On Wednesday, June 3 we launched an Open Zoom series. These lightly facilitated, social calls are open to all and run from 10 am to 11 am weekly.
Three folks attended our first Zoom call, and conversation focused primarily on racism. As white people we discussed how to overcome our own internalized white privilege, how to help other white folks be less harmful, and how to be authentic, repair, and heal. We talked about the role of trauma as a root cause of so much violence, and we talked about the death of the illusion of individuality and the myth of American exceptionalism.
A quote from the call:
“We need to make the journey from head to heart.”
A resource mentioned during the call: The Characteristics of White Supremacy Culture
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As representatives of a predominantly white-led organization, we at the Whidbey Institute are wrestling with our responsibility after watching a man murdered—George Floyd, a father and beloved son and the victim of yet another cruel, racialized crime. Our hearts are broken and our sleeves are rolled up. There is hard, vital work underway—the work of coming home to a deeper and better part of ourselves.
We wake again this morning to a nation roiling with the pain of 400 years of structural, institutionalized violence against people with black and brown bodies. A nation founded on the genocide of indigenous people and built by the labor of enslaved Africans. If we are to heal and manifest collective liberation, our systems and institutions must be undone and remade. Our minds and hearts must be undone and remade.
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“How is it possible to blossom, fully into me, when there are parts of me that are not allowed to be known? To be realized? . . . . how does [one] re-member herself, through truth songs of the past, present, and future? Can I be whole again?” ― From Scars, a novel by Dr. A. Breeze Harper
In this issue: Black Lives Matter—a Call for Transformation. United Student Leaders Call to Action. Welcoming Board Member Dani Turk. Thanking Frank and Nico. Introducing Leadership Whidbey. Click here to view the issue.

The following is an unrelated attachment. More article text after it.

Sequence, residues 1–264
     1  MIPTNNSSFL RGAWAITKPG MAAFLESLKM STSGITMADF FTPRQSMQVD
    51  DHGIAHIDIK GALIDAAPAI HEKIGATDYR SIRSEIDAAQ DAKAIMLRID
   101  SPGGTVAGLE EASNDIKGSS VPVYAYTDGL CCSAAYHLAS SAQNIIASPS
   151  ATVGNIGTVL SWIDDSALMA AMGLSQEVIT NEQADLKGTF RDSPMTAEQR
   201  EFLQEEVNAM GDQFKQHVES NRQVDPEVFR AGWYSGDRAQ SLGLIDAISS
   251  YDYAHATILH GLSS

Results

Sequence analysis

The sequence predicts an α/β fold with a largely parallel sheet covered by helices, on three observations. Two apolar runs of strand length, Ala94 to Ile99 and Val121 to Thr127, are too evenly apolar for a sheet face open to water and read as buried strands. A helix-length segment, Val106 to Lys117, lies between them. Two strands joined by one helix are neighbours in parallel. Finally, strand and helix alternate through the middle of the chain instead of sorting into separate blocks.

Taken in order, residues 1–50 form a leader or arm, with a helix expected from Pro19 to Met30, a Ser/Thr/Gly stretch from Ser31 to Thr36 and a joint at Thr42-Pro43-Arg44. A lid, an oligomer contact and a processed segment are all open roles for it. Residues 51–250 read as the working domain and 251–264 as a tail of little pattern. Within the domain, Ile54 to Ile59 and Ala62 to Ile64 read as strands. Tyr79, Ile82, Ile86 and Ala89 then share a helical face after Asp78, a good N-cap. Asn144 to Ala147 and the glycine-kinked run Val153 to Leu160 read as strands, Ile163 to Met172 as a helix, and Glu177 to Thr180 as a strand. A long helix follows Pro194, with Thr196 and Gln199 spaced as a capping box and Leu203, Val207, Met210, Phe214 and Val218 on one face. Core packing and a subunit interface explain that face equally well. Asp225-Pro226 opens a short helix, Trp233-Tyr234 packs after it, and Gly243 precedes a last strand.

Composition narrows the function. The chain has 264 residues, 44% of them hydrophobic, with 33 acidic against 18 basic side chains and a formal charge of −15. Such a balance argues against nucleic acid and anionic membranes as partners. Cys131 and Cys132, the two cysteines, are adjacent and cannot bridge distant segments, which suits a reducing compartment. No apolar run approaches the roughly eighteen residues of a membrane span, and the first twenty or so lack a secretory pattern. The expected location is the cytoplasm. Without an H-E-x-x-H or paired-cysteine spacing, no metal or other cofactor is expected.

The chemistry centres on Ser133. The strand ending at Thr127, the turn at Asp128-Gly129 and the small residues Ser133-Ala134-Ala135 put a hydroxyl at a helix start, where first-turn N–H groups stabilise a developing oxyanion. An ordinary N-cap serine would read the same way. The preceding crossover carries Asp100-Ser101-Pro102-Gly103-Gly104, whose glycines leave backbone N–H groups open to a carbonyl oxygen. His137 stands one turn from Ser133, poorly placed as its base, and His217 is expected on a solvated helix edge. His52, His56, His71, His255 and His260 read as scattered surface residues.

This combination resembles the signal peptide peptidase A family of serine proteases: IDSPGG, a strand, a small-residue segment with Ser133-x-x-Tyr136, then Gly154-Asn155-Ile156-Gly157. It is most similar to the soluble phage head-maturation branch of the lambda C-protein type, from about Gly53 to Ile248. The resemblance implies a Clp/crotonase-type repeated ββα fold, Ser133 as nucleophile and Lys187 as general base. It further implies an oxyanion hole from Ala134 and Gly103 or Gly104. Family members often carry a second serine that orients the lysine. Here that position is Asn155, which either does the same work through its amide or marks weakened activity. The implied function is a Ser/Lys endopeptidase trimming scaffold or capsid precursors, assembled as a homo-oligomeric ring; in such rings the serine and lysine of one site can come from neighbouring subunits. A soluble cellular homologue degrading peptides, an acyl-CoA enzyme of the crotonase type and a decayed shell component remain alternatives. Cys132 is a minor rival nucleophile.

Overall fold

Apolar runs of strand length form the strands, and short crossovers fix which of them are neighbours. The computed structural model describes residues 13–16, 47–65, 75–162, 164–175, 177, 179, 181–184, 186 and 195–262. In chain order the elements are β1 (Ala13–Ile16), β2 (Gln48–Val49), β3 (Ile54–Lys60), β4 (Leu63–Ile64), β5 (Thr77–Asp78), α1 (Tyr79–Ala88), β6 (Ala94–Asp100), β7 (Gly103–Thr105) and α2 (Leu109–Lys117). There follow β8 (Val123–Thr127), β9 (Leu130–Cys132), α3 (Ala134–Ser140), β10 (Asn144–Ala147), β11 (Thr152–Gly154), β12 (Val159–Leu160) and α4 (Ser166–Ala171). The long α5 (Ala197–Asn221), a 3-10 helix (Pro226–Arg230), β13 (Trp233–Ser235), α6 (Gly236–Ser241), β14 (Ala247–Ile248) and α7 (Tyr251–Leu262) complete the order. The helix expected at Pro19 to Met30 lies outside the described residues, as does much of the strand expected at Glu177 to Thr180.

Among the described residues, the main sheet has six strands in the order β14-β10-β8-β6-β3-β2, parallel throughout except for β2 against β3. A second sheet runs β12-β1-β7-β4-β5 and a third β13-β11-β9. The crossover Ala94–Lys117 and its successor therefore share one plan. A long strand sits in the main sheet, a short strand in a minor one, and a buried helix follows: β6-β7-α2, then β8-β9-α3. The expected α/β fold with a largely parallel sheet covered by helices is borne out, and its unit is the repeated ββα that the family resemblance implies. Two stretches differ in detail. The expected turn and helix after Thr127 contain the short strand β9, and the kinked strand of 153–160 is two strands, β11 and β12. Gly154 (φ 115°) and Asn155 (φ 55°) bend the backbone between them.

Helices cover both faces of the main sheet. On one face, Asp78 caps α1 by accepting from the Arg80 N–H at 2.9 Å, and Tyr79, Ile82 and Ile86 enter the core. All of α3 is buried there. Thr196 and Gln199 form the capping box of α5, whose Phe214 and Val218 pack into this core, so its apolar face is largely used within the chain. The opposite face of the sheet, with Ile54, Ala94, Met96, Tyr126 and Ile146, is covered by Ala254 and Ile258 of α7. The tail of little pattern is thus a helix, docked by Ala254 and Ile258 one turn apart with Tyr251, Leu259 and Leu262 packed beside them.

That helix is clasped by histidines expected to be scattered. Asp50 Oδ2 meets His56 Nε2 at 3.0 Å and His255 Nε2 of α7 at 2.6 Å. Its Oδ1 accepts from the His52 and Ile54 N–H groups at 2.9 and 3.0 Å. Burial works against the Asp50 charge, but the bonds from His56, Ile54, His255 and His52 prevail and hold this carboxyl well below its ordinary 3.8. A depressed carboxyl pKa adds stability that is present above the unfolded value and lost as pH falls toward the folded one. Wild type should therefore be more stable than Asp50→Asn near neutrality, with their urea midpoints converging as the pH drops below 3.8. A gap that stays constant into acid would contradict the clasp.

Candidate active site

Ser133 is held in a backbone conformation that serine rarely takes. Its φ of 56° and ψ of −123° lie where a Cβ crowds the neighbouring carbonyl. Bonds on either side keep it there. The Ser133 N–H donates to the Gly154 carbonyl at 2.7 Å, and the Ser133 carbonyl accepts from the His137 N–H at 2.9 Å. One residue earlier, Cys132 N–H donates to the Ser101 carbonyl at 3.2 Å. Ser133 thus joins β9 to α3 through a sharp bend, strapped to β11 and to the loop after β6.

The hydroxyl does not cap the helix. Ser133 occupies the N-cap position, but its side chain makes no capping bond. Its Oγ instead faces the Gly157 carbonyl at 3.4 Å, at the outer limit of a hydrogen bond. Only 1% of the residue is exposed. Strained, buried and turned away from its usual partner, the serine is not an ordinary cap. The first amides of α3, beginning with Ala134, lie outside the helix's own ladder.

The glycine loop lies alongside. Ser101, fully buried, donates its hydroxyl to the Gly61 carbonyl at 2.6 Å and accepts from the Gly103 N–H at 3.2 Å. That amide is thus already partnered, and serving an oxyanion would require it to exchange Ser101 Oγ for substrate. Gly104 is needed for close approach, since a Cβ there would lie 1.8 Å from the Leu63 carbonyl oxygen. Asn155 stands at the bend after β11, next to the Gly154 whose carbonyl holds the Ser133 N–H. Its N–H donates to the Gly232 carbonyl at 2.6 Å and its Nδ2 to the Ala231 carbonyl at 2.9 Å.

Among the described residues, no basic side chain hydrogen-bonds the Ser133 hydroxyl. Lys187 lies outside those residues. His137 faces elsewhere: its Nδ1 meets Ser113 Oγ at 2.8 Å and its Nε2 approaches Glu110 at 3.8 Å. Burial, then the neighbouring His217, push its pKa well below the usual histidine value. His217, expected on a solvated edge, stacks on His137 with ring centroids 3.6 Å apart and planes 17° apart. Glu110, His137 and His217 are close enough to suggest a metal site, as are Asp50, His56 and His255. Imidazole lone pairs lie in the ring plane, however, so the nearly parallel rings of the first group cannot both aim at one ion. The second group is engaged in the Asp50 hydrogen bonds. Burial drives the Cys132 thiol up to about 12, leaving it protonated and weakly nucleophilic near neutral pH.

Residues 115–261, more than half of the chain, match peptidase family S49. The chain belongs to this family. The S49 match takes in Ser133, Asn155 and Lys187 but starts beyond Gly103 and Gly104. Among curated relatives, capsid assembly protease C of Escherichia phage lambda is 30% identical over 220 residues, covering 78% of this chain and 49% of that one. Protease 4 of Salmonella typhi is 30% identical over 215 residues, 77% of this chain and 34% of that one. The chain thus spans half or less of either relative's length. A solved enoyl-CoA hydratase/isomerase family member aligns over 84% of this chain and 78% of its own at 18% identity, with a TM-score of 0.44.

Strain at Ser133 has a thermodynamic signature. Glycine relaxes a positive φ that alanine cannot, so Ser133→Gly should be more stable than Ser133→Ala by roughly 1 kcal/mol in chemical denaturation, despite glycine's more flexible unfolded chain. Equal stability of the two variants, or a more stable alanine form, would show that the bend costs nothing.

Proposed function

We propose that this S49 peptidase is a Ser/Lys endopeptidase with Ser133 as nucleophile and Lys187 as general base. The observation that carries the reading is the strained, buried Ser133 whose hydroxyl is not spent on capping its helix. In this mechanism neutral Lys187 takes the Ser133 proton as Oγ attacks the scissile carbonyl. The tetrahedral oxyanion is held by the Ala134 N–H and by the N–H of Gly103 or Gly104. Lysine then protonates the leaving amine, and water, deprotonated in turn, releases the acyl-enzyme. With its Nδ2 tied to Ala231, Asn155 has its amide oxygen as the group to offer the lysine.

Pictured at our February 2020 program leader gathering, from left: JJ McMinds, Helena Hennighausen, Larisa Benson, and Mary Holscher.
Dear Friends of Whidbey Institute,
In this time of confinement, one form of entertainment my husband Paul and I have recently enjoyed is deciding how we will give away the part of our $2400 stimulus check we don’t need. We understand that some of you reading this have had severe financial losses and will need every bit of whatever you receive. This letter is directed to those of you who will receive a stimulus check soon and have, like me and Paul, suffered only modest financial impact. Read More →
I recently had an opportunity to connect with program leaders Plácida Gallegos, Akasha Saunders, Steve Schapiro and Carol Wishcamper (pictured above, left to right). Their program, Dare to Connect WE-LAB, provides a space to explore and support participants’ capacity to embrace differences and to connect with one another across those differences with curiosity and love. The program is coming to the Whidbey Institute in March, 2020 and registration is open to all.
During our conversation, I not only got a feeling for the facilitators (a fantastic team) and the program (a wonderful offering) but I also became convinced that there is little the world needs more than work like this. Supporting people across diverse social identities and circumstances in creating brave, vulnerable, and authentic connections can help us begin to heal the rifts of racism, sexism and other oppressive systems in our bodies, hearts, communities, and societies. Read More →
From May 17 to 19, Victoria Santos and Debra Baker will be at the Whidbey Institute hosting Nourishment: A Gathering for Women of Color. I recently had the opportunity to speak with them about the program and their vision for what women will experience here this spring. —Marnie Jackson
Victoria Santos, on how this program came into being:
I have been thinking of women of color . . . the amount of work we’re doing and have done in this society, and the amount of stress we’re carrying. I realized how important it is for women of color to come together and engage in nourishing practices. This is life-giving, and we really need to make the time to do it.
Reflecting on this idea, I asked myself, “who do I know, personally, who is living into the principles that need to be amplified right now in this culture, for all people but especially for women of color?” That’s when I thought of Debra. She really embodies a way of being that we need right now—for all of us. We ended up having dinner and I approached her about the idea. She said yes!
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